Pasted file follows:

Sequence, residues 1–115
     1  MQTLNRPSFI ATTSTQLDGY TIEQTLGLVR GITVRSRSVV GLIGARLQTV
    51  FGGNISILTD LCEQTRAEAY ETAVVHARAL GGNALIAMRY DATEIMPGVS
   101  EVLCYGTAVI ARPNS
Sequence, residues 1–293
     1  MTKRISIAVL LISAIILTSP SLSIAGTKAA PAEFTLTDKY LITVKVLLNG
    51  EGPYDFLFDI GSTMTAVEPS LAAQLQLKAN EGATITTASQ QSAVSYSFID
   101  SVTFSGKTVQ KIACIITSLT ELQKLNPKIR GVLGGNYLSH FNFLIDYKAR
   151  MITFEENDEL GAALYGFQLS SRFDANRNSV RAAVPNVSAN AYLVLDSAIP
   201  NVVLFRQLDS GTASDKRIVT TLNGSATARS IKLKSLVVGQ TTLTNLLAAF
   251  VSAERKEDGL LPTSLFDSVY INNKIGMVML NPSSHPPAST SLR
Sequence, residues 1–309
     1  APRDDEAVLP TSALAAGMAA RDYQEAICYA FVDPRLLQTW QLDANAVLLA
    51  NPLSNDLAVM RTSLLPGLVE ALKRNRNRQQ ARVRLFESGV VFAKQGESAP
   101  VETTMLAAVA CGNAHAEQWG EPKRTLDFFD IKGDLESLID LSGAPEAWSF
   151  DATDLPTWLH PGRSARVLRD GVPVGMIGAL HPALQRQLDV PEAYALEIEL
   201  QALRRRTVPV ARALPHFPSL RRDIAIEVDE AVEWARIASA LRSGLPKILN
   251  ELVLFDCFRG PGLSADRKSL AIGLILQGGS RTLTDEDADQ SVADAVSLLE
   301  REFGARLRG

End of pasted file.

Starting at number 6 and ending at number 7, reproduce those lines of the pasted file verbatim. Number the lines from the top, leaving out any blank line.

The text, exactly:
     1  MTKRISIAVL LISAIILTSP SLSIAGTKAA PAEFTLTDKY LITVKVLLNG
    51  EGPYDFLFDI GSTMTAVEPS LAAQLQLKAN EGATITTASQ QSAVSYSFID